Posted by Jonathan Maus (Publisher/Editor) on April 23rd, 2019 at 11:22 am
The kids know.
On Earth Day yesterday, Portland-based nonprofit Neighbors for Clean Air organized a protest on the Flint Avenue Bridge. Dozens of students from nearby Harriet Tubman Middle School joined them. They wore masks, donned “No Dirty Diesel” t-shirts, and chanted, “Diesel is dirty! Diesel is dumb!”.
From their perch on the bridge, the students could see thousands of people driving fossil fuel-burning cars and trucks below. They could also see their classrooms. Tubman is just 50 feet away from I-5 and has a well-known history of bad air quality because of it.
The kids were there to support House Bill 2007, a proposal that would create stronger regulations for diesel emissions. But they were also a visible symbol of what’s at stake with the I-5 Rose Quarter freeway project.
The Oregon Department of Transportation and the City of Portland want to to expand the freeway so it — and the toxic driving it encourages — will be even closer to the lungs of these students. Despite their claims to the contrary, ODOT’s freeway expansion will lead to more drivers, more exhaust, and dirtier air. The plan is so harmful that the Portland Public School Board is vehemently opposed to it.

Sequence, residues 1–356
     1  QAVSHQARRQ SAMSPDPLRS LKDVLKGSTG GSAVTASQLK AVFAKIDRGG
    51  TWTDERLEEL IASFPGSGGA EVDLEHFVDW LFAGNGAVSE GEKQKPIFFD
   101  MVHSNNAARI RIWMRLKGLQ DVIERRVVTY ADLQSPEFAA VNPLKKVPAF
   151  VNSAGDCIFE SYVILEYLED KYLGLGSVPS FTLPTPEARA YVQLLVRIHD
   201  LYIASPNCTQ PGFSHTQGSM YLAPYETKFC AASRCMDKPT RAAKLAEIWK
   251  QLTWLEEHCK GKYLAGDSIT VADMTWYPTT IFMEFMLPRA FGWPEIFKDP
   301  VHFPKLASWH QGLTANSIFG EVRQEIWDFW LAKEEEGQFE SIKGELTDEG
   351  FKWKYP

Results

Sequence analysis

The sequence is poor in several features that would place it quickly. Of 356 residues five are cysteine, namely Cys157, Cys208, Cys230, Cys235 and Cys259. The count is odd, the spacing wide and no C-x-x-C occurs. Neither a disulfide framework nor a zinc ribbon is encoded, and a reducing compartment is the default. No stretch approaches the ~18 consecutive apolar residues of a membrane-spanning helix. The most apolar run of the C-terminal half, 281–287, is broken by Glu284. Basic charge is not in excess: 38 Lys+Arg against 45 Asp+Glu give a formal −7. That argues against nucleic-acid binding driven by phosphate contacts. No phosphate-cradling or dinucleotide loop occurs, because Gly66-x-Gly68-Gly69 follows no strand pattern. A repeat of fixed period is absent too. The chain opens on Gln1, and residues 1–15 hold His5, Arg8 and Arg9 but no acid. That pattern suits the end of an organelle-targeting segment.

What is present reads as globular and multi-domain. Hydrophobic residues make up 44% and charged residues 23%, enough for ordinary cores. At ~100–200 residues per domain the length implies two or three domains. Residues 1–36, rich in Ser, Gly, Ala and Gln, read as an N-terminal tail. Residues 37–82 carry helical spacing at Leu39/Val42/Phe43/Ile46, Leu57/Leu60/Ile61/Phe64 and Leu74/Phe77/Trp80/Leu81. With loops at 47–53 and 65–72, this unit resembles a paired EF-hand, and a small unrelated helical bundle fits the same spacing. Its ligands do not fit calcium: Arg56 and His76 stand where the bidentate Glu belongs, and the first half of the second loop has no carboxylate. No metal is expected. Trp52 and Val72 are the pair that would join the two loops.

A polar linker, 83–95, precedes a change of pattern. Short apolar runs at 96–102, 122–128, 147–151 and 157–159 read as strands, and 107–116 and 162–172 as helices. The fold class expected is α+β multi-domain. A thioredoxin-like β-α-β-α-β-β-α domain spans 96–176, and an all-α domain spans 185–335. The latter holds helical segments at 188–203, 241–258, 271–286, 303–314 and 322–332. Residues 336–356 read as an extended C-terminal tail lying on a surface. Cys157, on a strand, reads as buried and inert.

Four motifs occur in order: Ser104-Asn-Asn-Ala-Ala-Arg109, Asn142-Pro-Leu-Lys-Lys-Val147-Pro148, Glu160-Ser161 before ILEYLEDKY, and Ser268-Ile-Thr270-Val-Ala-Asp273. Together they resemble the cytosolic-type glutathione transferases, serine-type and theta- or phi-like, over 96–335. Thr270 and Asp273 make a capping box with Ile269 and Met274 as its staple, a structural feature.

“The potential impacts of the proposed project to Harriet Tubman Middle School are particularly troubling,” the School Board wrote in a letter outlining their demands for a more thorough environmental analysis.
The widening of the freeway would also require that ODOT demolish and remove the bridge the students stood on — a move even the Portland Bureau of Transportation’s own Bicycle Advisory Committee said is a bad idea. “The removal of the Flint Ave crossing… would have a negative impact on bicycle travel that cannot be replaced by any of the facilities proposed in the Build alternative,” the BAC wrote in their letter opposing the project. Currently about 3,000 people ride bicycles over the Flint Ave Bridge every day.
These Tubman students deserve better. We’re grateful for their courage in speaking out and we hope our local elected leaders take heed.
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